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Boarding @ Home: Day 109/84: 40 degrees below in Sherwood Forest?

40 degrees below is the Maserati's defect! Since Elliot stranded the Ghibli before lockdown [Day1/84] there have been more than a few tales to recount. Once back from Merlin though its incorrect temperature shown and experienced has been incurable. We'd booked Marshalls in Peterborough last week but they've abandoned the franchise because of the pandemic so it was to Sherwood Forest we necessarily travelled today. I remined in isolation and Avril drove us back with no chance to continue to listen to Lee Child's Reacher Blue Moon that we'd enjoyed en route to Weymouth and back. The Citroen Cactus doesn't boast a CD player. To get to Nottingham we had to traverse new counties of course - Leicestershire currently in its own unique lockdown, then skirting Derbyshire to Nottinghamshire.
Nottingham's original name was Snotta-inga-ham then Snottingham. We are gratuitously informed that the original Anglo Saxon translates as the Ham belonged [inga] to a Mr Snotta. Nottingham has links to the legend of Robin Hood and to the lace-making, bicycle most notably Raleigh [my first], tobacco and pharmaceutical industries. It was granted its City charter in 1897 during Queen Victoria's Diamond Jubilee celebrations. It's famous just lately as the city where Elizabeth Healey graduated from Nottingham Trent Uni in Marketing & Fashion and where Francesca Wills is currently following enforced digitised English & Drama at Nottingham Uni - with good first year grades.
Robin Hood's role in history and for tourism! Whilst famous cinema depictions of Robin Hood such as Kevin Costner in 1991, Russell Crowe in 2010 or even Errol Flynn's earliest in 1938, have exercised poetic licence on many details of Robin's escapades one thing that hasn't ever changed is the setting - Nottinghamshire; even though some of the earliest stories have him as being born in South Yorkshire in a village there called Loxley*. Always in the popular imagination Robin Hood lives in Sherwood Forest with his band planning excursions into Nottingham to terrorise corrupt officials and stand proud for absentee King John. Stealing from the rich to give to the poor Robin Hood and his Merry Men are a permanent part of popular culture just as Robin popularly woos and wins the beautiful Maid Marian. Sherwood Forest is a Royal Forest that is today a Nature Reserve of 1,046 acres surrounding the village of Edwinstowe at the site of Thoresby Hall.

The Robin Hood Pub @ Anerley. The 194 bus to Croydon from Sydenham on the upstairs of which Bryan, Anne and I travelled was one of the nearest pubs to where our mother grew up when she came south from Musselburgh. It stood at the junction with Elmers End Road at the foot of which is the eponymous cemetery where she and our father, Stanley, are both buried. It's unlikely the 1890s representation below was familiar to mother but it's the best I can trace. It's clear that J W Parrett was the Publican then and that there was a Tea Garden and some .Pleasure round the back. Allsopps Ales were the offer. Mother might have known that Allsopps was no ordinary brewer. Samuel Allsopp is credited as being the first brewer to export Burton Pale Ale to India in 1822 although it is thought that he copied the recipe for his India Pale Ale from Hodgson's of London. After Samuel's death in 1838 his sons Charles and Henry continued the brewery as Allsopp and Sons and their strategies in both brewing and marketing turned the company into such a profitable business that by 1859 they built a new brewery in Burton opposite the railway station.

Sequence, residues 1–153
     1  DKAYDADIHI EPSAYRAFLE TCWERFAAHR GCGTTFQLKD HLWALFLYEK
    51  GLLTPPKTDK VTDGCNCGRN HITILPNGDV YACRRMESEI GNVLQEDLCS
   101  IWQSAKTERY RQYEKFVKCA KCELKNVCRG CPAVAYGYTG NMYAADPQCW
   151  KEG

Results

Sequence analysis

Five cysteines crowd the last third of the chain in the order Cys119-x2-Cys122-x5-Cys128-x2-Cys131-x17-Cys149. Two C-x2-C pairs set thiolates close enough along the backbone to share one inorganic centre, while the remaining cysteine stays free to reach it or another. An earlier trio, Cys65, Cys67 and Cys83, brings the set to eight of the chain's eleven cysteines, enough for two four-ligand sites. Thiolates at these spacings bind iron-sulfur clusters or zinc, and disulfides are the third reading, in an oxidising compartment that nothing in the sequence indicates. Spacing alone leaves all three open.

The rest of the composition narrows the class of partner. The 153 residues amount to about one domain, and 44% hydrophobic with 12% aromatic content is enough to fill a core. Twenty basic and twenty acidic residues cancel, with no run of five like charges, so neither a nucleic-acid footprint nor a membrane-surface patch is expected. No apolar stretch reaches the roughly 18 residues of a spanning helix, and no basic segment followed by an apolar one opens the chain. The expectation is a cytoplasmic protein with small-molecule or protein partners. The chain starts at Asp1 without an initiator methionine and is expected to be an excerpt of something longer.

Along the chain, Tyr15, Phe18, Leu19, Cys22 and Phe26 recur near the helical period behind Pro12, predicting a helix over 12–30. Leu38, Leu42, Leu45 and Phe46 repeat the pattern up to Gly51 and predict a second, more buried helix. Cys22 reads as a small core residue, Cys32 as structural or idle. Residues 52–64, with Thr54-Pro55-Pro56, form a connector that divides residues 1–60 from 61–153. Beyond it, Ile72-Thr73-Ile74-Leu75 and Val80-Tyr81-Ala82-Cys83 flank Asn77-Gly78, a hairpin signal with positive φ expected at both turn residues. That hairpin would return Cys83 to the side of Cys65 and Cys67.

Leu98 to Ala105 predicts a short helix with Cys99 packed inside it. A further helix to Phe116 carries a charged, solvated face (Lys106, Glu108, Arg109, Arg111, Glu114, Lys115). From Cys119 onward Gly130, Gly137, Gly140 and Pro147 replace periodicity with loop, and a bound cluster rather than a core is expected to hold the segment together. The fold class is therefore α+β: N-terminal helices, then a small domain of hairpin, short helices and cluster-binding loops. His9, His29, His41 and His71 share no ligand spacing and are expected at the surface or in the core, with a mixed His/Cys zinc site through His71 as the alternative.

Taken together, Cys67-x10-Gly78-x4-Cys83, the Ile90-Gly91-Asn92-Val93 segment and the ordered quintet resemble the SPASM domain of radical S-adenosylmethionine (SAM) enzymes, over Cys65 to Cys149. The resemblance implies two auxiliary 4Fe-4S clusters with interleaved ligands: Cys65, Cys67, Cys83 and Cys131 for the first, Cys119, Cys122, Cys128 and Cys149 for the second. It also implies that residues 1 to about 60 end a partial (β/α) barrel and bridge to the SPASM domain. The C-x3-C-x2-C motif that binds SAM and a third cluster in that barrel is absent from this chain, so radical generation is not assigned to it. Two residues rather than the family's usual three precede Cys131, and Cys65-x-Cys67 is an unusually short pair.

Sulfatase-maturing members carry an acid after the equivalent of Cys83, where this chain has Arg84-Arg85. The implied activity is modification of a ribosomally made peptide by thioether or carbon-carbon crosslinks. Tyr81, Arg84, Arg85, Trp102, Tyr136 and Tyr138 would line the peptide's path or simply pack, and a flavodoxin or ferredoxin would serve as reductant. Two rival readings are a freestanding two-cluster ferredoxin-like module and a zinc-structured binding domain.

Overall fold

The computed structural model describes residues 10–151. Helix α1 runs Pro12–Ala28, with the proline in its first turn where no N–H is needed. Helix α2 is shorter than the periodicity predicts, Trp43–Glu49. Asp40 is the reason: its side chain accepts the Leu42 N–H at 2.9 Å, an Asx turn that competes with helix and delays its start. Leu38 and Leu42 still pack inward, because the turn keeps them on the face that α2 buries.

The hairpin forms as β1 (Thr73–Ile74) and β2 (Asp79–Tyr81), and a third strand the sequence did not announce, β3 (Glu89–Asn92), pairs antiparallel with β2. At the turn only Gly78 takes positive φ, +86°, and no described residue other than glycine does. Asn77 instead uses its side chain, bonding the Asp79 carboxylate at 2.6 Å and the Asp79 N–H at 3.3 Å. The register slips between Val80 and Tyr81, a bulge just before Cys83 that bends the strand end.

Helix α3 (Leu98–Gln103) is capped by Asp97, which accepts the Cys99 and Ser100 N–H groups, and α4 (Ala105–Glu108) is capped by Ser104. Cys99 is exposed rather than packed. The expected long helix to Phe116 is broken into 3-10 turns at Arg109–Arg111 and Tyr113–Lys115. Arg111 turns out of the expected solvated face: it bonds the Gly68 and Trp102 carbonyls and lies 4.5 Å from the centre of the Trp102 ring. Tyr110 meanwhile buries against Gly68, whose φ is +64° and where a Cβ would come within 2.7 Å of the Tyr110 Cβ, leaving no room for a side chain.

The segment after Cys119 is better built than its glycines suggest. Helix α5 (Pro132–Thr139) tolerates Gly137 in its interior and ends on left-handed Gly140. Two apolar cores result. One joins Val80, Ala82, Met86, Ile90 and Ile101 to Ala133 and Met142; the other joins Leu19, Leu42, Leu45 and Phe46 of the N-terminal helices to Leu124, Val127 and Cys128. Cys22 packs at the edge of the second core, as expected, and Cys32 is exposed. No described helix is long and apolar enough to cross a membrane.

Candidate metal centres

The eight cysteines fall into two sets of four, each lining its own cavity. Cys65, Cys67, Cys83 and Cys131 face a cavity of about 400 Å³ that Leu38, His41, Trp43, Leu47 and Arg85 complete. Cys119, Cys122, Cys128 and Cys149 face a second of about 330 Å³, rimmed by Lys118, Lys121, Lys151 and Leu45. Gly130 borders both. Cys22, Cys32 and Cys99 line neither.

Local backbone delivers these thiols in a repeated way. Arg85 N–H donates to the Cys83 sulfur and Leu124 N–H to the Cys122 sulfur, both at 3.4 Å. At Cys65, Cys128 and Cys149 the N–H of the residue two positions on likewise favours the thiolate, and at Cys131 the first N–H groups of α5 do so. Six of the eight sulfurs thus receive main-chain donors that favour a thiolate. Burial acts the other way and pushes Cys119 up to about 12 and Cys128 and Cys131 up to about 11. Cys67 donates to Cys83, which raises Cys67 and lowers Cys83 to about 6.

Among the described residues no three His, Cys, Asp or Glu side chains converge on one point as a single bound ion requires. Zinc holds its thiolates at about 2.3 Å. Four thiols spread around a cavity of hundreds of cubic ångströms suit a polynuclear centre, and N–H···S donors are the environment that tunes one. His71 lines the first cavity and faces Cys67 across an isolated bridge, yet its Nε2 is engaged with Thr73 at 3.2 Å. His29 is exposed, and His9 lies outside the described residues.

The Robin Hood in Anerley closed in 2002 and was burnt down in 2009. Since then it's been demolished but according to a more contemporary picture I've grabbed its memorable exterior remained virtually unaltered.


* The extensive forest of Loxley Chase extended as far south east as Nottinghamshire in the 12th century where it joined up with Sherwood Forest and Loxley is one of the locations claimed as the birthplace of Robin Hood. It is asserted that Robin of Locksley or Robert Locksley was born in the area in 1160 with John Harrison saying in his Exact and Perfect Survey and View of the Mannor of Sheffield of 1637: "Little Haggas Croft pasture wherein is ye founacion of a house or cottage where Robin Hood was borne." Ballads from the High Middle Ages published in the Child Ballads such as A Gest of Robyn Hode, Robin Hood and the Monk, Robin Hood and Guy of Gisborne, and Robin Hood and the Potter, as well as Sir Walter Scott's 1820 novel Ivanhoe, all point to a possible South Yorkshire birth for the legend.

Published Date: July 9th 2020

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